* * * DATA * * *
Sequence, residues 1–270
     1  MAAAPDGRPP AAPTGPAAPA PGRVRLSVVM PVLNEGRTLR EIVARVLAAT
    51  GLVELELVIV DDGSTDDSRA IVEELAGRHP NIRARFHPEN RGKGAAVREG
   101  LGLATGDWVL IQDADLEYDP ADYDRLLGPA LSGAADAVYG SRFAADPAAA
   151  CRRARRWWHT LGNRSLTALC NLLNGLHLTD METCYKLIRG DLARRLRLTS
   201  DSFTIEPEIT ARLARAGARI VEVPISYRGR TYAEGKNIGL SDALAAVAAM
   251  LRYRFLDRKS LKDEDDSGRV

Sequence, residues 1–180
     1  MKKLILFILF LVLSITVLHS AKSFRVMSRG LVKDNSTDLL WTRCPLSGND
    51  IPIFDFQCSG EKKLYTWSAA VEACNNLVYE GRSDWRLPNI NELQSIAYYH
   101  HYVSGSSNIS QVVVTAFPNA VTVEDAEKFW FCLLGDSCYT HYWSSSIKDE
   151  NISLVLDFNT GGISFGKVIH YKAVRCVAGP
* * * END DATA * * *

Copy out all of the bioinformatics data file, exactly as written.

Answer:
Sequence, residues 1–270
     1  MAAAPDGRPP AAPTGPAAPA PGRVRLSVVM PVLNEGRTLR EIVARVLAAT
    51  GLVELELVIV DDGSTDDSRA IVEELAGRHP NIRARFHPEN RGKGAAVREG
   101  LGLATGDWVL IQDADLEYDP ADYDRLLGPA LSGAADAVYG SRFAADPAAA
   151  CRRARRWWHT LGNRSLTALC NLLNGLHLTD METCYKLIRG DLARRLRLTS
   201  DSFTIEPEIT ARLARAGARI VEVPISYRGR TYAEGKNIGL SDALAAVAAM
   251  LRYRFLDRKS LKDEDDSGRV

Sequence, residues 1–180
     1  MKKLILFILF LVLSITVLHS AKSFRVMSRG LVKDNSTDLL WTRCPLSGND
    51  IPIFDFQCSG EKKLYTWSAA VEACNNLVYE GRSDWRLPNI NELQSIAYYH
   101  HYVSGSSNIS QVVVTAFPNA VTVEDAEKFW FCLLGDSCYT HYWSSSIKDE
   151  NISLVLDFNT GGISFGKVIH YKAVRCVAGP